U.S. consumers need a credit wake-up call. In fact, nearly half of all Americans don’t know their credit scores. Credit health is an essential part of life, so why ignore it? Whether it’s apathy, will or lack of education, the time to pay attention is now. Consider the following factors as you focus on credit health. What you learn could change your future for the better.
- Bad credit costs money. It’s easy to ignore credit health until you understand what it costs…literally. The road to bad credit is a bumpy one, often resulting in:
- Late fees. Overdue bills equal credit damage and dreaded late fees. If you are a repeat offender, these fees can cost you hundreds of dollars a year in unnecessary penalties.
- Higher interest rates. The factors of credit scoring are broad, but the math boils down to one thing: risk. As your credit score increases, your risk level decreases, allowing lenders to reward you by offering deals and lower interest rates. On the other hand, bad credit means your lenders will raise interest rates to account for the risk of default and non-payment. The consequences of high interest rates can affect how much you pay for rent, mortgages, auto financing, student loans, and any other revolving or installment account. The result is thousands of dollars lost based on risk and sub-par credit.
- Higher insurance premiums. In addition to rising interest rates, bad credit means you’ll pay more for home, auto, and even life insurance premiums.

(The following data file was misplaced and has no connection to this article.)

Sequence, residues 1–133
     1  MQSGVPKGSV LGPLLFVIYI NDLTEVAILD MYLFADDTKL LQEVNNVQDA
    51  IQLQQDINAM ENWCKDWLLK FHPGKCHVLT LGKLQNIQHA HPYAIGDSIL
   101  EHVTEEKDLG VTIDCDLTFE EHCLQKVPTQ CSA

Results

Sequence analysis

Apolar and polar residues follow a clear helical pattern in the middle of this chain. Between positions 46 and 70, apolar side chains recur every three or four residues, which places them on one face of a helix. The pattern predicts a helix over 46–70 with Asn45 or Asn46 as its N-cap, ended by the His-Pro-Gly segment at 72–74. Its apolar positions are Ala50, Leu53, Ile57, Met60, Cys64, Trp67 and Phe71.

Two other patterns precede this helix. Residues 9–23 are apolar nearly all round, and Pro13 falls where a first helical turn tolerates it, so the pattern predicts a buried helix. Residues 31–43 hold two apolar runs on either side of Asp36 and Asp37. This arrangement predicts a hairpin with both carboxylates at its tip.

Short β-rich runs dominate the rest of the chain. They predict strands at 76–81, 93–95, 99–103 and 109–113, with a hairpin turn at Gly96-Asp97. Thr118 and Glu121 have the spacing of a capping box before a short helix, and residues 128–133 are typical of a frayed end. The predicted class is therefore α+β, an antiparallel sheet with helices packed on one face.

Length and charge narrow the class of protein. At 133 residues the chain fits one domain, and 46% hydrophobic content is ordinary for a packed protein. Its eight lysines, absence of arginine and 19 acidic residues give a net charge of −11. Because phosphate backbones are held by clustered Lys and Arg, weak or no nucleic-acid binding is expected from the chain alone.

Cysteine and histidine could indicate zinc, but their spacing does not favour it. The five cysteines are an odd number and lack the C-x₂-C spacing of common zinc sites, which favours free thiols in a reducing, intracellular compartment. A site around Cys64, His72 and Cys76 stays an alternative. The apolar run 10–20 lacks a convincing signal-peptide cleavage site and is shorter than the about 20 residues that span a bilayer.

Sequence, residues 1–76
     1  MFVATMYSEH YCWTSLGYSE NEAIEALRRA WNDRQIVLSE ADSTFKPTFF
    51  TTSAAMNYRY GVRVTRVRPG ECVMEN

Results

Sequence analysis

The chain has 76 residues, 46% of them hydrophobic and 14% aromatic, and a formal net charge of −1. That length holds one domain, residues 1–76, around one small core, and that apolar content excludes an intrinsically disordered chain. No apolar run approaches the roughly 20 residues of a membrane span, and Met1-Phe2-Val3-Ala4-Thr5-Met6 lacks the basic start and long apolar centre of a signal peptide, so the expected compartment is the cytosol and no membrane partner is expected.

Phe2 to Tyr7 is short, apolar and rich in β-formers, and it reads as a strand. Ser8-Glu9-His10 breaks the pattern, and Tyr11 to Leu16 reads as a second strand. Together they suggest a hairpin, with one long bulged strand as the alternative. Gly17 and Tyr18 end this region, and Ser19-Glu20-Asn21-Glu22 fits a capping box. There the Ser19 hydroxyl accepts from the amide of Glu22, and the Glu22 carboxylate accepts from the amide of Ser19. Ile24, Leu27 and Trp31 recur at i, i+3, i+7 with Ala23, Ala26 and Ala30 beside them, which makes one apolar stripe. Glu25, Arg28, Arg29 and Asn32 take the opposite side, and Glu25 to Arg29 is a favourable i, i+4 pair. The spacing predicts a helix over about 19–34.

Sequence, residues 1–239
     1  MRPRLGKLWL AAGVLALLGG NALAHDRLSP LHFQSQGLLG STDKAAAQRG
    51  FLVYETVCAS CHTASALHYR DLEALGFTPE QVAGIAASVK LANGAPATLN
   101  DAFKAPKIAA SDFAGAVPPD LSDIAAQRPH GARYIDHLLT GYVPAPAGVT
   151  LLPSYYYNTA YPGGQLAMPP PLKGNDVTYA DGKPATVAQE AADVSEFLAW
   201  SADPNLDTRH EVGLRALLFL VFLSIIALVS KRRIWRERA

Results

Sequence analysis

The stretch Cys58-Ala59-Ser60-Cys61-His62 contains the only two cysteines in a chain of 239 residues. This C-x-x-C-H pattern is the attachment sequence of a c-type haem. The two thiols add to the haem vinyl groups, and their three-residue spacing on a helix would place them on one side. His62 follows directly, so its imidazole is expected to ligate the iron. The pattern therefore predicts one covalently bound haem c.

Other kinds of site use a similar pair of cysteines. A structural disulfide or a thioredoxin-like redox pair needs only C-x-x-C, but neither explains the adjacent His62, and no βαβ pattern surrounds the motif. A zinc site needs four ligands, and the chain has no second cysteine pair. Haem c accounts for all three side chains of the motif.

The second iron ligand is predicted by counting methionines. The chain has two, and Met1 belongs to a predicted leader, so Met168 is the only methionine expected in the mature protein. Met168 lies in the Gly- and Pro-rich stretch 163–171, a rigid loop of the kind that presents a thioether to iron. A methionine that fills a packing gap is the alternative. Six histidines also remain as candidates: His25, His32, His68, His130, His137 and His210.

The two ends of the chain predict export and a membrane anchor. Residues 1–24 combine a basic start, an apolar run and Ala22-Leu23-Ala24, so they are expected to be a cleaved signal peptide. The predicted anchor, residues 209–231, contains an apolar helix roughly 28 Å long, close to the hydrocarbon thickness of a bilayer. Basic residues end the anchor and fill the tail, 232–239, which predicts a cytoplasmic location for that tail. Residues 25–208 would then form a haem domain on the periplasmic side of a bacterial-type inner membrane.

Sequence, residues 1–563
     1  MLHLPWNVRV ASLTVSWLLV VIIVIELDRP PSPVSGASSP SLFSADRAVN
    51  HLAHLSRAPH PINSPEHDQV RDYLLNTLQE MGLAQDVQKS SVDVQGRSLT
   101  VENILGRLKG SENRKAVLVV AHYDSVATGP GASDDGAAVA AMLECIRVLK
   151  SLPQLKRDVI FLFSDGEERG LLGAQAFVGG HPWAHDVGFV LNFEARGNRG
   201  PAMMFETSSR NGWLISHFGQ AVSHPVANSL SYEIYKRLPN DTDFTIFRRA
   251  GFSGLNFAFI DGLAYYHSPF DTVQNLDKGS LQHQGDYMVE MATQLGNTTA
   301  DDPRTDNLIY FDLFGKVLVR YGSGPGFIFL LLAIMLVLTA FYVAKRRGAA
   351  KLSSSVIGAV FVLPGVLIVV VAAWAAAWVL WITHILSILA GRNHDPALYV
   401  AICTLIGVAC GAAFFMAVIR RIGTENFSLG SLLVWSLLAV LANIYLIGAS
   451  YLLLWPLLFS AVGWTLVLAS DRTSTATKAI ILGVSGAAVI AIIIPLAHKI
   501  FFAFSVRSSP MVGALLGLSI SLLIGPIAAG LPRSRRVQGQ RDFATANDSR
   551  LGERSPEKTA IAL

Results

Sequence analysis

- Lost savings. The common thread in all of these factors is lost savings. Bad credit has the power to drain your bank account and make you vulnerable to unplanned expenses.
- Emergencies are unplanned. Life is complicated and unpredictable. Injury, unemployment and even divorce are just a few of the ways financial hardships can quickly devolve into emergencies. Lost savings means you’ll have fewer options when it comes to managing these issues. You may even rely on credit cards to make ends meet, pushing you further into debt and damaging your score in the process. A healthy budget and savings account allows you to protect yourself from future financial worries and credit damage.
- Lifestyle improvements and credit savvy go hand-in-hand. Unless you are independently wealthy, you’ll need good credit to buy a home, finance a car, pay for your kids’ college education (or your own) and more. Sure, a few lenders may be willing to work with your sub-prime situation, but as we learned, you won’t find favorable interest rates along the way. Higher interest rates limits how much you can afford to spend, stifling your lifestyle goals in the process.
- Employers care about credit. A reliable workforce is important to any employer, and many believe that credit health is a helpful indictor of job performance. According to a 2012 survey by the Society for Human Resource Management, nearly 50 percent of employers use credit checks when making hiring decisions.
- Your mental and physical health matter, too. Financial worries affect more than your wallet. According to a 2007 survey by the American Psychological Association, 73 percent of consumers list money as a major source of stress. Worse yet, people who suffer from money-related troubles are more likely to experience anxiety, depression, migraines, chronic pain and even heart attacks. In a cruel irony, mental and physical illness caused by these problems often lead to medical bills, creating a vicious circle of financial hardship.
While it’s easy to ignore your credit health, it isn’t wise. Just as you wouldn’t run a marathon without training, you should never use credit without practicing your paces. Take time to focus on financial education. Don’t miss an opportunity to live a better life.